For the web, you have two things to consider:
1) the alt text is what will appear for people who have their images turned
2) The alt text is what will be read to a blind user when their reader gets
to the graphic.
Based on this, you want the alt text (tool tips) to be descriptive of the
graphic without being long. The minimal approach is to repeat the word in
the graphic (doesn't add much value), the maximum approach is with the
direction you went. You need to strike up somewhere in the middle while
still catering to the audience I listed above as well as the majority
audience that you are currently considering.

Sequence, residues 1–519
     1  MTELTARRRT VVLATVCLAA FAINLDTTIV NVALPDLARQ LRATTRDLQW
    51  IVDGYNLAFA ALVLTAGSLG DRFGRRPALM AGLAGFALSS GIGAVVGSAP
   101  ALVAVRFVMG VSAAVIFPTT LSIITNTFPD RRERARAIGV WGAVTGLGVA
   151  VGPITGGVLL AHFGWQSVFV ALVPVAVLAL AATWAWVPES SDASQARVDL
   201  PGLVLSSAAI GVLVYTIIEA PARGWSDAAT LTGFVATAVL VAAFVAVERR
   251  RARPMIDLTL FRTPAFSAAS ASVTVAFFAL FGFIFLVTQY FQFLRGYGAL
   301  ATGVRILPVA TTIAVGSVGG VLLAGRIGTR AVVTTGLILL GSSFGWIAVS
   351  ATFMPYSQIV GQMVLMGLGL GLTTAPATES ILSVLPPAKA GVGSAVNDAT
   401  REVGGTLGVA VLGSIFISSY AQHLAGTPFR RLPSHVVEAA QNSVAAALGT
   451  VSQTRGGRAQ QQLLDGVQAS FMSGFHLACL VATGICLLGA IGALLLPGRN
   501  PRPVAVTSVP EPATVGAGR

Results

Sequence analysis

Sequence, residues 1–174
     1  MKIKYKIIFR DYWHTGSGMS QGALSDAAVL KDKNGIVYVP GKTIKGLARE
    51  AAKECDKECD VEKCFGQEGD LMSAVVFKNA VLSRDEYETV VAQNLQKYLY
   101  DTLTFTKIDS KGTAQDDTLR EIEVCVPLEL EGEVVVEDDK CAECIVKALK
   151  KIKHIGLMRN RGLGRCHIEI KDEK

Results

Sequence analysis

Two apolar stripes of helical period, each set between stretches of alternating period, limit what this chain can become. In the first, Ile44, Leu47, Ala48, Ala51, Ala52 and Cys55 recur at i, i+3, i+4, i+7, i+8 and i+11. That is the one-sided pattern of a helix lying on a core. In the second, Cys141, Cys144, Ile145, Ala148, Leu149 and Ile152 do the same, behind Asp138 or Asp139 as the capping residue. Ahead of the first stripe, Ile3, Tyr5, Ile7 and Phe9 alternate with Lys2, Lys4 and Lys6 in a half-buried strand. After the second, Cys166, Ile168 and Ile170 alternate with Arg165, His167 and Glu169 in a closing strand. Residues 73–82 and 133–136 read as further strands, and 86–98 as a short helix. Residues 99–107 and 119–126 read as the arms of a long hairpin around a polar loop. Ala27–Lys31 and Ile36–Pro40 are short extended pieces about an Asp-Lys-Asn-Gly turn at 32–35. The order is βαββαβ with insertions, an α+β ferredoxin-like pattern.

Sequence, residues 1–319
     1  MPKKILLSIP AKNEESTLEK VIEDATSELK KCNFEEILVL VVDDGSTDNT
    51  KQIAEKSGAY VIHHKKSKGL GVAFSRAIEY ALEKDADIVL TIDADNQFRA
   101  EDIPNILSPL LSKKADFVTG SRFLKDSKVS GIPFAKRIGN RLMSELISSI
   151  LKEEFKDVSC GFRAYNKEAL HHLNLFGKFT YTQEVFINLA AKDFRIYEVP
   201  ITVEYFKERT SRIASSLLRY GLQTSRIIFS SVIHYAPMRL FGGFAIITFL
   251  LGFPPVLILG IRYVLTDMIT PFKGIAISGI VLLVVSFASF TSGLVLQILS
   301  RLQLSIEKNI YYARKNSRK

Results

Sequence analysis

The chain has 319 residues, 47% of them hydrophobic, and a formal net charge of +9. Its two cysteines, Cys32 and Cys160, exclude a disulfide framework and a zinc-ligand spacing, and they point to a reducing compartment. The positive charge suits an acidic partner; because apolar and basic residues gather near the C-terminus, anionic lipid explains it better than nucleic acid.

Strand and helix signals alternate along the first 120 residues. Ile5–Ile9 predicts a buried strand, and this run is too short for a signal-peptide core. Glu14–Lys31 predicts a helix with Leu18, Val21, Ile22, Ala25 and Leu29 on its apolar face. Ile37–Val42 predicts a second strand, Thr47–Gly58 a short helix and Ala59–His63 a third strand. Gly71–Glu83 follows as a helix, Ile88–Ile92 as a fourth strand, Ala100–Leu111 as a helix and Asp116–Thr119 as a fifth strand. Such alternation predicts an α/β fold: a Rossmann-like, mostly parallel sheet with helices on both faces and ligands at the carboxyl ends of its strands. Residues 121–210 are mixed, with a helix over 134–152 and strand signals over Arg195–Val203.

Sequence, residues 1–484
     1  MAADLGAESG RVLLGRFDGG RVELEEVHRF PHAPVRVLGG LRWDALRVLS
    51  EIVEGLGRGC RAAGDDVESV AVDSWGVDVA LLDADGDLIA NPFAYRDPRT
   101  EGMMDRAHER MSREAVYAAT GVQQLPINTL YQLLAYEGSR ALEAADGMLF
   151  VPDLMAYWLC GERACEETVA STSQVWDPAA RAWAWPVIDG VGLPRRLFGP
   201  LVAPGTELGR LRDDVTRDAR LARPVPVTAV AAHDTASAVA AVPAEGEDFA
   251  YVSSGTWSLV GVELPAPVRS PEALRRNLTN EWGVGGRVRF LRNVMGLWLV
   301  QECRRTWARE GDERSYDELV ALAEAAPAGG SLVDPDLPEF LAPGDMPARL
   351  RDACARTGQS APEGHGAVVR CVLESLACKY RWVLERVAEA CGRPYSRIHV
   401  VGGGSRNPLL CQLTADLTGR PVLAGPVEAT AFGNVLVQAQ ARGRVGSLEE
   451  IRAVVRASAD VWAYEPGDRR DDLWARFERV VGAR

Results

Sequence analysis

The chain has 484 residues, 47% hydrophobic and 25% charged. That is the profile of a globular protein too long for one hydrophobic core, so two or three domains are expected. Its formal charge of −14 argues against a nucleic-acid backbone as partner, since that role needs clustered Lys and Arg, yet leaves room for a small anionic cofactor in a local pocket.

Louise Penberthy wrote:
> Are there any guidelines out there for what is good content for
> tooltips? I'm on the team at work that's redesigning our Web site. We
> were using tooltips to give a preview of pages that would be found under
> a particular menu item. In other words, when you held the mouse over
> the "About Us" menu item, you get a list of all of the menu items under
> that section. But one of our review team pointed out that that makes
> them too long (which we knew anyway).
> What do other people do with tooltips?
> -- Louise
> Louise Penberthy
> Baltimore, MD U.S.A.
> [log in to unmask]
Nick Iozzo ([log in to unmask])
Neoglyphics Cognitive Engineering group